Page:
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The less severe of the two, acute bronchitis is caused by inflammation of the bronchi, the branching tubes that deliver air into the lungs. (Chronic bronchitis is a different subject altogether.)
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The most common symptoms of bronchitis include:
- Coughing with clear, yellow or green sputum (the gunk you cough up)
- Runny, stuffy nose occurring before chest congestion begins
- Shortness of breath, usually following a coughing jag
- Discomfort in the center of the chest due to cough
- Mild fever
Although yellow or green sputum is often thought to indicate bacterial infection, don't be fooled.
"Over 80 to 90 percent of bronchitis in otherwise healthy people is viral, not bacterial, in origin, especially if the symptoms of bronchitis follow a cold," says Homer Boushey, M.D., a lung specialist and professor emeritus of medicine at the University of California, San Francisco.
Viral infections cannot be treated with antibiotics. In fact, says Boushey, antibiotics will kill many of the healthy, protective bacteria in your body. "That leaves you more susceptible to disease-causing bacteria."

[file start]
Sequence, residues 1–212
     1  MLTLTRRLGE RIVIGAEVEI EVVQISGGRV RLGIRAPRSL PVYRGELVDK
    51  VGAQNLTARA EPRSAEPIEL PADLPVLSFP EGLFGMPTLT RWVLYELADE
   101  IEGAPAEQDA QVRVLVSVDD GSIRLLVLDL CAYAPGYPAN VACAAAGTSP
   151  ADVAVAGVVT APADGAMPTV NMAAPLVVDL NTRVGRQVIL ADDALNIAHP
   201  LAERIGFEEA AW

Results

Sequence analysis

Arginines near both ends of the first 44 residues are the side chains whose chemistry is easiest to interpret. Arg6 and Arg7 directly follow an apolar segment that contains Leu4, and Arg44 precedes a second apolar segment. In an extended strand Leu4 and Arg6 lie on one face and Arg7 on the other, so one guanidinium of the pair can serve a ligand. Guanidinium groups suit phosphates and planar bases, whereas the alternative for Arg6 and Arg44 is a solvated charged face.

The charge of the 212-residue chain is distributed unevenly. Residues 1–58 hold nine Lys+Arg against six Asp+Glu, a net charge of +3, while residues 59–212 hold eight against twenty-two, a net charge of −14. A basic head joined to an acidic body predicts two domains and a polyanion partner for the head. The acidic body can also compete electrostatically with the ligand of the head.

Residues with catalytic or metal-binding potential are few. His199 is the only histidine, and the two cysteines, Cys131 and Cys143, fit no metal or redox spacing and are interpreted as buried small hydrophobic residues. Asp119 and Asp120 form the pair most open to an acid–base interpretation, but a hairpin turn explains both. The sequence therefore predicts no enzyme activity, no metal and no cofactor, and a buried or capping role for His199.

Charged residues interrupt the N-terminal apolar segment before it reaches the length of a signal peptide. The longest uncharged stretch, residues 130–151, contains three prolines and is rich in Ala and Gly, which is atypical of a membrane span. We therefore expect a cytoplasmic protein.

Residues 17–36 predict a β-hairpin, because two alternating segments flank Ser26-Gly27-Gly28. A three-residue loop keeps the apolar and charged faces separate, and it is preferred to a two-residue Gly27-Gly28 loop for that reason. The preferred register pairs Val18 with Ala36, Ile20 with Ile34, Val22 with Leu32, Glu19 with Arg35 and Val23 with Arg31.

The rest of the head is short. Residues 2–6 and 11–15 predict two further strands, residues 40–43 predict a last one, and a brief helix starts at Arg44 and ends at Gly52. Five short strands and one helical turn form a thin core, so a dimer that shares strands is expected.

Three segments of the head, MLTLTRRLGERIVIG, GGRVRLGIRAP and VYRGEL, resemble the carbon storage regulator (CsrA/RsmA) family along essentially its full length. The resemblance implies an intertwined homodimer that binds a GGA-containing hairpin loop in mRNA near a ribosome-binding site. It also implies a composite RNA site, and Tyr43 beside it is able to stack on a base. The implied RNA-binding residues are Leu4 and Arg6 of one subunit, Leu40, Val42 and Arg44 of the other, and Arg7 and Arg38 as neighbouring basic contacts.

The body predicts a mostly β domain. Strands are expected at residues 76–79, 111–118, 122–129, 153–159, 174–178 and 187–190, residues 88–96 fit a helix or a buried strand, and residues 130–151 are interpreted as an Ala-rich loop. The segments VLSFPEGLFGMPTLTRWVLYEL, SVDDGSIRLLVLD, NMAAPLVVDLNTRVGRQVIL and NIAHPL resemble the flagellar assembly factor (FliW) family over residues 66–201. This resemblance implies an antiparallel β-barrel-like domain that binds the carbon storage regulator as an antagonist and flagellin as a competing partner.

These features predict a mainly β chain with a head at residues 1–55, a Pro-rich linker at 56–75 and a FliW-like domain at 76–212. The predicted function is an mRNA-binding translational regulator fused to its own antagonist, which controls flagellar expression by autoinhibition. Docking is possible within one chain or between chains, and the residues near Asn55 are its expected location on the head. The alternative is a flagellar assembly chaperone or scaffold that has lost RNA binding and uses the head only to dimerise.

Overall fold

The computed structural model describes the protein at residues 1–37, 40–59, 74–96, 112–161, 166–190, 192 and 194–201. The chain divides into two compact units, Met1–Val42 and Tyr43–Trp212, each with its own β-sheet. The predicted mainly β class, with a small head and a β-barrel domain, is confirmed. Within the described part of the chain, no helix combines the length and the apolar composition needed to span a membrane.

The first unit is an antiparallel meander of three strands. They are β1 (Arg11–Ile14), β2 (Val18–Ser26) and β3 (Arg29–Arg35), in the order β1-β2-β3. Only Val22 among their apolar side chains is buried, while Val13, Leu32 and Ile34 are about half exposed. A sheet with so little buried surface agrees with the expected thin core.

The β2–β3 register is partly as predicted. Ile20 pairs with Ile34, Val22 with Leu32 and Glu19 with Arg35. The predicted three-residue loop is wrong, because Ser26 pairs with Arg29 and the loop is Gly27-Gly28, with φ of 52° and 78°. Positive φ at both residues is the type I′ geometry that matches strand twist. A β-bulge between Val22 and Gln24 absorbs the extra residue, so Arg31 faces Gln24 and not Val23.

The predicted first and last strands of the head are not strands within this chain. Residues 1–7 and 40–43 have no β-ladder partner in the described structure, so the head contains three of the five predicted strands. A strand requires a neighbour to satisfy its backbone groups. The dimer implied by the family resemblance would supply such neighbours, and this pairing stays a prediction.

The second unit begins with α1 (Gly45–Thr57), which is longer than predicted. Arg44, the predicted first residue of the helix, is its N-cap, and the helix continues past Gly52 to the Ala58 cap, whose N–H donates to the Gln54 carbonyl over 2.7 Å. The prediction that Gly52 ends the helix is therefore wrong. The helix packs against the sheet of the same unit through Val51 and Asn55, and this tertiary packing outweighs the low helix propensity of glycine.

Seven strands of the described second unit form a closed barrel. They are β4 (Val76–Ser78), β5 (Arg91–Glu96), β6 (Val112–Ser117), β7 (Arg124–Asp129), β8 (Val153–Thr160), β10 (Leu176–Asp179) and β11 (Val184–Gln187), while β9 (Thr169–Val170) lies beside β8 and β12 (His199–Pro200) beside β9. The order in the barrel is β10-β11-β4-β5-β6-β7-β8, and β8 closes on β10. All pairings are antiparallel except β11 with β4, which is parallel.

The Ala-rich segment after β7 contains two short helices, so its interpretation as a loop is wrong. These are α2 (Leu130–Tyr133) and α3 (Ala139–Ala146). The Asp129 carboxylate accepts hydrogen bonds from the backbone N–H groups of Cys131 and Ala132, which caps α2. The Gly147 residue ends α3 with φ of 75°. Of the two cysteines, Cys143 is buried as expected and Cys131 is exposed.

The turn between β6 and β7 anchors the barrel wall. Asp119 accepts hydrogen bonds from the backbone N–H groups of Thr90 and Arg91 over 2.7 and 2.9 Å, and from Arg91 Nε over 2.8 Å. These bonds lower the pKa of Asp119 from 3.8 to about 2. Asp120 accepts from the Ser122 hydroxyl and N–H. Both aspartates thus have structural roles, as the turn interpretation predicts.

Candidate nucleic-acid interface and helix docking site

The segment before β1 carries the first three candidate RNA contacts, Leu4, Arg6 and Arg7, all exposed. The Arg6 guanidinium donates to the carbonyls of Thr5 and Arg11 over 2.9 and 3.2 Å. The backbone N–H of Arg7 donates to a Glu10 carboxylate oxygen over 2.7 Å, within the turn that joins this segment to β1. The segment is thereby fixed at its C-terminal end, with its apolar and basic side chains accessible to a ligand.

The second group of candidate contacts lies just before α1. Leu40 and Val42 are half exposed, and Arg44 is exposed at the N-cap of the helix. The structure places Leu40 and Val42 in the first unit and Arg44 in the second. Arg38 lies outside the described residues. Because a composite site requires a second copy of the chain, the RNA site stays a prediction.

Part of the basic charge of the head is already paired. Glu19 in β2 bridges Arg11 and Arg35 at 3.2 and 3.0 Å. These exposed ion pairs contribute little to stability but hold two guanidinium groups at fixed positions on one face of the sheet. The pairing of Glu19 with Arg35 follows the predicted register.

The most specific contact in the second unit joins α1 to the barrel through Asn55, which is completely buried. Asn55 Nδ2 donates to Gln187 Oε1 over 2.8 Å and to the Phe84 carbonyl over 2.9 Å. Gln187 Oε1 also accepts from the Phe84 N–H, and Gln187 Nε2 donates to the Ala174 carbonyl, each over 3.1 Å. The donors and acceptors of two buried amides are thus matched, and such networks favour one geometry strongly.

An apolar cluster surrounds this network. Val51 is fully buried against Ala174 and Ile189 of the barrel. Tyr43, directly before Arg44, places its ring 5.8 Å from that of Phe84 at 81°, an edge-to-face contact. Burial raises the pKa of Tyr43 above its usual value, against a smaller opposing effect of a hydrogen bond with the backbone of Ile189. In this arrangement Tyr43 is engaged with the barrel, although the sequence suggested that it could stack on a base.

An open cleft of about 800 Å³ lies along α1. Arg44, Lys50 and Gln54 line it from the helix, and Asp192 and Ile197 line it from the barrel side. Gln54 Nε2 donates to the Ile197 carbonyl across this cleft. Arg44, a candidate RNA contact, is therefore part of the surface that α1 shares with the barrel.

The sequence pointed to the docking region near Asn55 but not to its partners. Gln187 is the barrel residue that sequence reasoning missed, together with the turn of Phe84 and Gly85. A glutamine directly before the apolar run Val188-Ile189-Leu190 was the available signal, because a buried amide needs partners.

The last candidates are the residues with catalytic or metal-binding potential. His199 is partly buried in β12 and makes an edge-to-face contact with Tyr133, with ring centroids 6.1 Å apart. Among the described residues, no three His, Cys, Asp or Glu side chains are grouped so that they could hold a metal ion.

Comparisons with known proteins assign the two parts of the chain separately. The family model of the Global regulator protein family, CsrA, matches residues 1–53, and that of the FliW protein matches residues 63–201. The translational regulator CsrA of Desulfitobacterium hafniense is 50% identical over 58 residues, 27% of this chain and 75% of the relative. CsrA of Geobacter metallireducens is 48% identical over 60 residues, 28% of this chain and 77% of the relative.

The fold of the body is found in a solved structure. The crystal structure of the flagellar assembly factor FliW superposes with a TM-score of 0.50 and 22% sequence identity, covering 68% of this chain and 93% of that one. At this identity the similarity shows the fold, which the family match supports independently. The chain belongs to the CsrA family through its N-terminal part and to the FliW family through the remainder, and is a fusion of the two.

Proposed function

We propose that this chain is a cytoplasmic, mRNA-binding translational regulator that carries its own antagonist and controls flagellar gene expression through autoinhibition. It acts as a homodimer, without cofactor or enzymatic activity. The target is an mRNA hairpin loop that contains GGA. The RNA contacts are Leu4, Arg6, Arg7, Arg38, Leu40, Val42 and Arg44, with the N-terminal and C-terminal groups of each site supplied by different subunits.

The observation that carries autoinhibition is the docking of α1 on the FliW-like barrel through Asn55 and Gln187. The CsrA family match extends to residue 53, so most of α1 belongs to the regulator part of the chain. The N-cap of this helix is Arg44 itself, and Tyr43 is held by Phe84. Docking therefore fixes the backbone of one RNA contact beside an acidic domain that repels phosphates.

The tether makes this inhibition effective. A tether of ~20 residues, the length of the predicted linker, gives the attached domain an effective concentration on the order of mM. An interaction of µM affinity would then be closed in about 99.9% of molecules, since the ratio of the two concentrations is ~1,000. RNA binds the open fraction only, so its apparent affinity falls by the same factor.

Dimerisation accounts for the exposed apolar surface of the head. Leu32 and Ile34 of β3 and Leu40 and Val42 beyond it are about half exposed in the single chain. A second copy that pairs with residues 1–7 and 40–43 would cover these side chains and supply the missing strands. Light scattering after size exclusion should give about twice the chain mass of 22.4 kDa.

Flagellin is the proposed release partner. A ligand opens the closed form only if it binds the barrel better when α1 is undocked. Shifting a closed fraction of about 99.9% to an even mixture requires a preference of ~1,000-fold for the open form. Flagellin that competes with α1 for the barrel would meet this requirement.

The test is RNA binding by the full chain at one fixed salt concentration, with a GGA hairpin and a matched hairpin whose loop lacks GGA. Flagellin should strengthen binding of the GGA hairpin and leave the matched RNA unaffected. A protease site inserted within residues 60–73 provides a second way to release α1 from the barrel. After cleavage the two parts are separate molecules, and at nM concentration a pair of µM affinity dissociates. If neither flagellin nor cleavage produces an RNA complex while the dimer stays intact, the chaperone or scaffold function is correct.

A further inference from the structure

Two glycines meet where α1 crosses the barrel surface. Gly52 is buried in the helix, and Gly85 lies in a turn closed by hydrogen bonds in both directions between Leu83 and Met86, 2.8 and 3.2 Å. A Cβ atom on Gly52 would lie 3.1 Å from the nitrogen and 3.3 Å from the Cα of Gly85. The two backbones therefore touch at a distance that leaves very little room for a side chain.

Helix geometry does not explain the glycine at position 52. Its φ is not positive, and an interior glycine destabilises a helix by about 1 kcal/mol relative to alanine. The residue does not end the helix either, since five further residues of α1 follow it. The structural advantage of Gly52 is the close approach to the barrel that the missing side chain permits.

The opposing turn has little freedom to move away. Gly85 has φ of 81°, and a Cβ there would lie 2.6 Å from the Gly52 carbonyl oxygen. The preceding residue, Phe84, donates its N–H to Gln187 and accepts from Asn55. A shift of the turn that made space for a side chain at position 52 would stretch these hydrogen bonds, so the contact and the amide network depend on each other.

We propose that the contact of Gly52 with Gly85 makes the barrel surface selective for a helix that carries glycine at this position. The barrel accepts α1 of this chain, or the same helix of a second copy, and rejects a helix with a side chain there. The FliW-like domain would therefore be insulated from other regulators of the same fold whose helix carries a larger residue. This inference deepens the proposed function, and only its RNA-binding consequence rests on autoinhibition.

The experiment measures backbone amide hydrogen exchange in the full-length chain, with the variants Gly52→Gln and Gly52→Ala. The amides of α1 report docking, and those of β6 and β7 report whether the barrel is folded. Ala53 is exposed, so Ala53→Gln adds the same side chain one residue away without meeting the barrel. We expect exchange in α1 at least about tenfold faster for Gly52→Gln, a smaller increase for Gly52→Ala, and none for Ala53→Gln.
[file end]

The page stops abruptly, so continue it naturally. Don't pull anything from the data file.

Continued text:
Acute bronchitis will most often go away on its own within a week to 10 days, though your mucus-y cough will likely persist for several more weeks.
"It's just a matter of the body cleaning up the mess," says pulmonologist Len Horovitz, M.D., of Lenox Hill Hospital in New York. "Most people recover just fine from bronchitis."
An inflammation of the lungs, pneumonia has many of the same symptoms as bronchitis, including:
- Persistent fever (often high)
- Cough, often with yellow or green mucus
- Chills, which sometimes cause shaking
- Shortness of breath
- Sharp chest pain
- Confusion (which occurs primarily in older people)
Though many of the signs may be similar, pneumonia is much more serious than acute bronchitis. It's more often caused by bacteria than by a virus, which means that antibiotics can be used to treat it. However, bacterial pneumonia can be a fast-moving disease that needs attention right away, says Boushey.
"Don't wait too long to get treated," he warns. "If you come in with very advanced pneumonia, it may be too late. For people who come in right away, we have good treatments."
When to see a doctor
Older people do worse with respiratory infections (whether viral or bacterial), especially if they have other health problems such as chronic obstructive pulmonary disease, heart disease, diabetes, kidney disease or cancer. If you have symptoms, play it safe and see your doctor.
"Any time you have a fever or a cough, you should go in," says Horovitz. "Any time you feel bad, you should go in, because you never know what you are dealing with. Don't wait until you are in extremis."
Your doctor will listen to your lungs and, if necessary, take an X-ray of your chest, which will identify pneumonia infection.